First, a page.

New U.S. claims for jobless aid tumbled to a near two-year low last week, but a modest gain in industrial output and a third monthly drop in wholesale prices in June confirmed a slackening in the economy's recovery.
Other data on Thursday also implied the slowdown in manufacturing extended into July, but analysts said there was no evidence the economy was sliding back into recession.
The numbers are consistent with a slowdown in the rate of growth in the U.S. and the global economy, but not a double dip, said Nigel Gault, chief U.S. economist at IHS Global Insight in Lexington, Massachusetts. The evidence is not saying we have lapsed; the factory indicators are still pointing to growth.
Initial claims for state unemployment benefits dropped 29,000 to 429,000 last week as seasonal layoffs at factories eased, the Labor Department said. That was well below market expectations for a fall to 450,000.
In a second report, the department said producer prices fell 0.5 percent last month as gasoline prices fell and food costs recorded their largest decline since April 2002.
Stripping out food and energy costs, prices edged up 0.1 percent, after increasing 0.2 percent in May.
The relatively good news on employment was overshadowed by a Federal Reserve report showing industrial production rose 0.1 percent last month, braking sharply from May's 1.3 percent advance. Manufacturing output declined 0.4 percent, snapping a three-month streak of gains.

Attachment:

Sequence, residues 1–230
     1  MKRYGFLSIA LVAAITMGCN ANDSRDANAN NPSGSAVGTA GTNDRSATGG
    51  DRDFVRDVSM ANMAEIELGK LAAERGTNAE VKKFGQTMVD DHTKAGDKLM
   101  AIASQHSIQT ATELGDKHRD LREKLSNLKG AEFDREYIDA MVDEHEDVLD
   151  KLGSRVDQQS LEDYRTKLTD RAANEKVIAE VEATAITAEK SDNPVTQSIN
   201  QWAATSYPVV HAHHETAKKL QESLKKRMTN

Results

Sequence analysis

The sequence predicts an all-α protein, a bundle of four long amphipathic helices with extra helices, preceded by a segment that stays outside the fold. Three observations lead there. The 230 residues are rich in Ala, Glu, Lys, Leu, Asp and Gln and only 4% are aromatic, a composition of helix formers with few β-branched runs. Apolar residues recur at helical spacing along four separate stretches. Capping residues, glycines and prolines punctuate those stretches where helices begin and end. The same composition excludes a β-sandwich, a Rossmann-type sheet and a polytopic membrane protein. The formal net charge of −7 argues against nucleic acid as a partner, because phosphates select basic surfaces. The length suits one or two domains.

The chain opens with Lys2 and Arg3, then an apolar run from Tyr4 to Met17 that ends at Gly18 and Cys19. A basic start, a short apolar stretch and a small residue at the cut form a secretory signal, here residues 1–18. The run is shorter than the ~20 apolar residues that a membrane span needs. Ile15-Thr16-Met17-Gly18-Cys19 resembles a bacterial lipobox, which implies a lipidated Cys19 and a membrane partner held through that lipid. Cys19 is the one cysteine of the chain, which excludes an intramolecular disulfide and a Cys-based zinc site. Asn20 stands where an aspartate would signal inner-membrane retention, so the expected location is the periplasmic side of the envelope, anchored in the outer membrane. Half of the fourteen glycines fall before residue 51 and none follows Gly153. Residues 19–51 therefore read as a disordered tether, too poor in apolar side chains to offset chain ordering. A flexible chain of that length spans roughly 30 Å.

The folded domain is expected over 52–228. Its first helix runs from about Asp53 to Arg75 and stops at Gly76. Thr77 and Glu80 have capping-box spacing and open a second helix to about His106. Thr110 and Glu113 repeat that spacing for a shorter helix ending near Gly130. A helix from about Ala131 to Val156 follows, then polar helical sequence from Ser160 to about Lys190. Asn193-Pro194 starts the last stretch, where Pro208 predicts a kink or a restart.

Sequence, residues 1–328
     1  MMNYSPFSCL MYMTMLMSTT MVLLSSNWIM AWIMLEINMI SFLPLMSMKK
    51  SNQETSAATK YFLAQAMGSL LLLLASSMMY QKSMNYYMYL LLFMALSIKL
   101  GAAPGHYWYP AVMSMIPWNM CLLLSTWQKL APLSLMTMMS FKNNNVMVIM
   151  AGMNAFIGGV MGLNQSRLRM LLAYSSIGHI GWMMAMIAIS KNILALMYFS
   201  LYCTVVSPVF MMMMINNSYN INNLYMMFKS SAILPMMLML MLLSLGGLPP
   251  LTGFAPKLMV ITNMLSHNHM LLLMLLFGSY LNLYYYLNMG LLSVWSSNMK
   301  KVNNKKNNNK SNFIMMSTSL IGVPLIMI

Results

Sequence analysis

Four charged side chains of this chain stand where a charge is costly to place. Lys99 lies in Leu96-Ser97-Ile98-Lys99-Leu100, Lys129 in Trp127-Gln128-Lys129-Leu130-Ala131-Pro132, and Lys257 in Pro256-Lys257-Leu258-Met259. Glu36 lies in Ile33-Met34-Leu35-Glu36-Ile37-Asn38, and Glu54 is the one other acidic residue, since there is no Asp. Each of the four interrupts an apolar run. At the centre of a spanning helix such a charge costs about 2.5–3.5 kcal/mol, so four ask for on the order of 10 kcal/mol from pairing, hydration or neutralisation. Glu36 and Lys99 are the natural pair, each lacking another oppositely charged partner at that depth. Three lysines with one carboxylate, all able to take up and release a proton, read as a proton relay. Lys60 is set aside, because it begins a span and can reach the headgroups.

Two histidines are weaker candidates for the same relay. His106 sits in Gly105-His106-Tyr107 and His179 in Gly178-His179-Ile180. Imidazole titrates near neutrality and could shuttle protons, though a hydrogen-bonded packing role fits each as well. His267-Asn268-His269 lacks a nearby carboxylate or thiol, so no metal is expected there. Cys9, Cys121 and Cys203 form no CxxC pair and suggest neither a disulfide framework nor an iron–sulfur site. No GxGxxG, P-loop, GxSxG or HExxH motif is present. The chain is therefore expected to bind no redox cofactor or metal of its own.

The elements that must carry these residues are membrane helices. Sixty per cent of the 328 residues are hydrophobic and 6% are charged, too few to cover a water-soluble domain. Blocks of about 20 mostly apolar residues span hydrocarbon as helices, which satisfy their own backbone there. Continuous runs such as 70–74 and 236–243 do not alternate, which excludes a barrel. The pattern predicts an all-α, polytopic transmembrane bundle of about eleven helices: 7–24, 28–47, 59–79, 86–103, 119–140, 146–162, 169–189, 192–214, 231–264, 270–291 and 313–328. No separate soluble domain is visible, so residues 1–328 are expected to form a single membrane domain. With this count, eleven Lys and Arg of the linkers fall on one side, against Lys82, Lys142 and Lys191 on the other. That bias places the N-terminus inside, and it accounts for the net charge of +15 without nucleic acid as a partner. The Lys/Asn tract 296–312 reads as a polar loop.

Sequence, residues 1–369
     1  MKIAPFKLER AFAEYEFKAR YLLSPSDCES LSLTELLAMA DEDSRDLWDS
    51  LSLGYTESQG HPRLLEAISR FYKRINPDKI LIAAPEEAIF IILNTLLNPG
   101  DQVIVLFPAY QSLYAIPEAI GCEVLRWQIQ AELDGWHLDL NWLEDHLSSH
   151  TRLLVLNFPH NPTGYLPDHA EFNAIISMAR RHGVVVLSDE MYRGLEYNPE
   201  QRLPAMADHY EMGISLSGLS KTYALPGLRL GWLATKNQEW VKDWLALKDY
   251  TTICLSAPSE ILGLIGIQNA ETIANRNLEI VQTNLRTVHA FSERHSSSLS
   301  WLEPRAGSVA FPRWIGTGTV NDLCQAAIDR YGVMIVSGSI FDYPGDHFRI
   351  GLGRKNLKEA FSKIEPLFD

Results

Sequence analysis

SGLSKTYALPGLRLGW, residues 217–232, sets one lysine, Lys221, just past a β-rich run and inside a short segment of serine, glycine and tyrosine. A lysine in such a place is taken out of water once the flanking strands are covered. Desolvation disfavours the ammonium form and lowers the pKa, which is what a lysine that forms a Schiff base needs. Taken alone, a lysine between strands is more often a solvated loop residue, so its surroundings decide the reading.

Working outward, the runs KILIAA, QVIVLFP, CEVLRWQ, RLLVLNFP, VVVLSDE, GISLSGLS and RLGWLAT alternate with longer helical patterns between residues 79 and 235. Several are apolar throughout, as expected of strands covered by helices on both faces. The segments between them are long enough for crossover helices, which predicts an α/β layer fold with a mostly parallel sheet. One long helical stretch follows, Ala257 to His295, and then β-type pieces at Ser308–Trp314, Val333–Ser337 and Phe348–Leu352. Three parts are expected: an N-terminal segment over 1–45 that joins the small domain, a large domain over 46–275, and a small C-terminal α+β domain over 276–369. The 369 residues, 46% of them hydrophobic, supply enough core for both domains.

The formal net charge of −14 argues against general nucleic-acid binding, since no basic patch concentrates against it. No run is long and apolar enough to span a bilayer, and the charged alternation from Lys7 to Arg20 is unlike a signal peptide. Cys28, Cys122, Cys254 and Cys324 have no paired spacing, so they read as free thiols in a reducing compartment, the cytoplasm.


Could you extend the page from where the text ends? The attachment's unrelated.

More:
That weakness probably persisted this month, with measures of factory activity in New York state and the mid-Atlantic region slowing sharply from June.
U.S. stocks fell on the manufacturing data, while a government bond rally pushed the yield on the two-year Treasury note to an all-time low. The dollar fell broadly on Thursday, with the greenback down 1 percent against a basket of major currencies.
Economic data ranging from retail sales to home sales have weakened in recent months, prompting the Fed to trim its 2010 growth forecast at its last policy-setting meeting in June. Many private economists have cut estimates for both the second quarter and the full year.
We are in this economic environment now where it's one step forward, one step back. We will skate along the bottom with slow growth for a long time, said Howard Simons, a strategist at Bianco Research in Chicago.
The weak labor market, characterized by a 9.5 percent unemployment rate, is holding back the economy's recovery from the most painful recession since the 1930s. Lack of income has caused consumer spending to turn sluggish in recent months.
New claims for jobless benefits normally rise this time of the year as manufacturers, including automakers, implement annual shut downs.
However, General Motors is keeping the majority of its plants open during the annual summer retooling shutdown to meet demand for some models.
A Labor Department official said layoffs that are normally scheduled for this time of the year did not appear to have materialized. Last week, the four-week moving average of new jobless claims, considered a better measure of underlying labor market trends, fell 11,750 to 455,250.
Analysts expect claims for jobless benefits to trend higher in coming weeks once the distortions from the seasonal factors wore off.
A combination of weak energy prices, high unemployment and ample spare industrial capacity are keeping inflation subdued.
Economists believe these factors, coupled with softening domestic demand, should lead the Fed to keep overnight interest rates near zero until the second half of next year.
Industrial capacity in use held steady at 74.1 percent, up sharply from a year earlier but still 6.5 percentage points below its average from 1972 to 2009, the Fed said.
(Additional reporting by Emily Kaiser; Editing by Neil Stempleman)